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Recently Diagnosed?

Getting a Rett syndrome diagnosis is one of the hardest things you’ll ever face. We know this first-hand at RSRT. We’re parents, too. Emotions can run the gamut and it can all seem overwhelming. You’re worried about your child and your family and what the future will look like. You are reading everything you can get your hands on but you are not sure how to interpret it or know if it's relevant.

You are not alone. We are here to help you make sense of all the information, to listen, to answer questions, to help you navigate the emotions you are experiencing, and, very importantly, to give you tangible reasons for optimism.

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A Call for Optimism

Rett syndrome is challenging, for our children first and foremost, but also for parents and family members. We want you to know these facts that give us optimism, strength, and confidence:

  • Rett syndrome can never take away the immense love we have for our children. No diagnosis could ever do that. Our children return that love to us in the most profound ways.
  • Research has made exciting progress. The mutated gene that causes Rett is known, so we have a clear target to attack. Rett is not neurodegenerative so brain cells don’t die. Remarkably, symptoms are dramatically reversible in Rett animal models.
  • Many families are relieved to get the diagnosis. Uncertainty is replaced with a sense of empowerment that you can now get involved and help accelerate cures.
  • There is a wonderfully supportive Rett community of fellow parents and family members. We can help introduce you to them.
  • We are part of your team. We fight every hour of every day for your child and ours. Our goal is cures, and we won’t rest until we have them.
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Daybue™ (trofinetide)

In March 2023, the FDA approved DAYBUE as a treatment for Rett syndrome. Our science team, in response to many families asking for our help in understanding the results of the clinical trial, prepared a document called DAYBUE (Trofinetide): Key Facts for Parents (click below). The purpose of this document is to provide facts to help families and their physicians make their own risk: benefit assessment about DAYBUE.

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You’re not alone, we’ve been in your shoes.

We got diagnosed, now what?

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Please register with us. It takes only a minute. This will give you access to our research updates, and information about webinars and other activities.

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Join the Rett Syndrome Global Registry and help us to advance cures. The information you possess about your child is priceless. Put that information to work and help your child and the entire Rett community.

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Join the digital natural history study. Share your child's electronic medical records and help us learn more about Rett syndrome while advancing drug development efforts. US only for now.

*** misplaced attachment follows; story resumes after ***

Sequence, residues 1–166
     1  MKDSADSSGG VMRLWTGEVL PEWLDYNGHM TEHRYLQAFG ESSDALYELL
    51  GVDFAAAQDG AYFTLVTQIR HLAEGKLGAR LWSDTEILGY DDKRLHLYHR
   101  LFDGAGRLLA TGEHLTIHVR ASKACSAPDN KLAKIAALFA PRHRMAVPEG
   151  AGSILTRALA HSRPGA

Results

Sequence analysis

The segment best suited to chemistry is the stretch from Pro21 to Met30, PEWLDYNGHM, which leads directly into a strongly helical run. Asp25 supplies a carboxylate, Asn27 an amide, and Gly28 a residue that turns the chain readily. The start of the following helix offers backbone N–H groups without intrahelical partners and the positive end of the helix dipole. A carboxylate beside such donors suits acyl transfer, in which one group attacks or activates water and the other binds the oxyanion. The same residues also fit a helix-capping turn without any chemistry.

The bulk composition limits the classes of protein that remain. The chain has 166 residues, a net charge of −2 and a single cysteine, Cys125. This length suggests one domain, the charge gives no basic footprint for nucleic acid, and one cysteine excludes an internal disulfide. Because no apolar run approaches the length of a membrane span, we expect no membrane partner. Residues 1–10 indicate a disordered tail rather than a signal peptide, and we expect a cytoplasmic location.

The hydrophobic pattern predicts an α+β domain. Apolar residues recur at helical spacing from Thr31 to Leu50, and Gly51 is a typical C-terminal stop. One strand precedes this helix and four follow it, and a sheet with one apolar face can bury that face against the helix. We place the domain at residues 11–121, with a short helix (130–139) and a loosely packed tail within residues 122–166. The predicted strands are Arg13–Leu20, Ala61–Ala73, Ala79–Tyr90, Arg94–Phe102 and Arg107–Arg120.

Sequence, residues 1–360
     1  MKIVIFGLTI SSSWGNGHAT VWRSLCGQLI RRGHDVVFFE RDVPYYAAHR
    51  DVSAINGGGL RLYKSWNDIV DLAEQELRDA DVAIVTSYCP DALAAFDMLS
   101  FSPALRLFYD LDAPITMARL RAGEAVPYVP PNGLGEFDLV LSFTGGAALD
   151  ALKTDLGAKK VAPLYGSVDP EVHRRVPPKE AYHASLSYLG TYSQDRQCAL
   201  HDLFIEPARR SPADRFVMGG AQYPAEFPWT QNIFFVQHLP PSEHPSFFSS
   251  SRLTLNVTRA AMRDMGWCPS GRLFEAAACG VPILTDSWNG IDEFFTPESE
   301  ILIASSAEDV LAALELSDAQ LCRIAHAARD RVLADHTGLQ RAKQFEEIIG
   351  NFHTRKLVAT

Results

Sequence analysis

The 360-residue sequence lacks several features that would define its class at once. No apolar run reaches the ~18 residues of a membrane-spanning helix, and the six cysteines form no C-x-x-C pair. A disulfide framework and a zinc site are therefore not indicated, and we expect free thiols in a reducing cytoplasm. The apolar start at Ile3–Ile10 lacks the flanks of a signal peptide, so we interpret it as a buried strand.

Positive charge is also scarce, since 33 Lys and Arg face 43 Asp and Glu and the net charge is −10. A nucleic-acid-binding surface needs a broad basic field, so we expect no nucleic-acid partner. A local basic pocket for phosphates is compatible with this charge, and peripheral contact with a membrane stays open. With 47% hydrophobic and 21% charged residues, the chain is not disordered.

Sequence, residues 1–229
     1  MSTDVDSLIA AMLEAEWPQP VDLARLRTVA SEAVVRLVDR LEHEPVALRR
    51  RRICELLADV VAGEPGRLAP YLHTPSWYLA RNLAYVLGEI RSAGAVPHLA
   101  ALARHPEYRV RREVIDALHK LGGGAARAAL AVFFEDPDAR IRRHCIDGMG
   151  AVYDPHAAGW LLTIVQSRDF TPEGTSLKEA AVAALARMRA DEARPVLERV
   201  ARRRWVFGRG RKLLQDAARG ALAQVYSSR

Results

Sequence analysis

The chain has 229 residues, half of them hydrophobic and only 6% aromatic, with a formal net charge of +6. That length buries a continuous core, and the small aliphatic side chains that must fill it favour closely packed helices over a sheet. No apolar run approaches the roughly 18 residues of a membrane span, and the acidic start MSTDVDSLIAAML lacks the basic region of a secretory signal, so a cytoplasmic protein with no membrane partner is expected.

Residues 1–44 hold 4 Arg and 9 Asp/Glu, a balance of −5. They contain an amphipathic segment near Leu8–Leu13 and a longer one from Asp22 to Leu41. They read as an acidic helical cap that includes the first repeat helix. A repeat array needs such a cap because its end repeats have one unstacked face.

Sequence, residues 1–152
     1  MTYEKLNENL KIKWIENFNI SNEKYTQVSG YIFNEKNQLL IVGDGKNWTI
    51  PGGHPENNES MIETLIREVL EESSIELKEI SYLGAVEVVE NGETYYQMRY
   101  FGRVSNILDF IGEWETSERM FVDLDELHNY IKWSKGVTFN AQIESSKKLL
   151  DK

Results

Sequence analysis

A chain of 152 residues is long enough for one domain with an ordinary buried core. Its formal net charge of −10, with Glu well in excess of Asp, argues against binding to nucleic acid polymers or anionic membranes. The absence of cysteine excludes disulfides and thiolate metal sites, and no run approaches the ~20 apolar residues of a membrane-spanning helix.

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There has been one constant in the Rett world since 1999, our founder and CEO, Monica Coenraads. She has a daughter with Rett and can answer your questions with knowledge and empathy.

Monica Coenraads, | monica@rsrt.org | 203.445.0041

Thriving with Rett

We are advancing cures. But until we have them, we and our children need to live fulfilling, healthy, happy lives. We’d like to help you thrive with Rett. We encourage you to contact us and talk to us. We don’t have all the answers, but we have experience living and thriving with Rett, and we are eager to help.

We also offer our Thriving with Rett Guides to provide important information and resources. These guides are written by experts in each field who have experience working with children or adults with Rett syndrome. They are designed for both newly diagnosed families and for families who have had the diagnosis for years. We hope you find them useful.

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About Rett Syndrome

Imagine the symptoms of autism, cerebral palsy, Parkinson’s disease, epilepsy, and anxiety disorder … all in one little child.

Rett syndrome is a serious, lifelong neurological disorder that is caused by random mutations in a gene called MECP2. Diagnosed primarily in girls, symptoms typically appear in toddlerhood. Many children with Rett are unable to speak, walk, or use their hands. Breathing problems, feeding tubes, seizures, anxiety, and gastrointestinal and orthopedic issues are common.

Despite the debilitating nature of the disorder our children are so much more than a laundry list of symptoms. Their beauty and their strength inspire and motivate us.

Rett syndrome stands apart from other neurological disorders due to the dramatic reversibility of symptoms in animal models. Our confidence that Rett syndrome is curable guides our every decision.

Although rare, boys can also have Rett syndrome. Please visit our Genetics Primer to learn more. With the exception of the MECP2 Reactivation strategy all the research that RSRT supports is also applicable to boys.

Rett Fact Cards

Next time you find yourself answering questions about your child and Rett syndrome with people you meet at a restaurant, school function, or standing in line at the grocery store, whip out a personalized Rett Fact Card with your child on it and some important details on how they can get involved. It takes minutes to fill out the form and we'll get you everything you need to get started.

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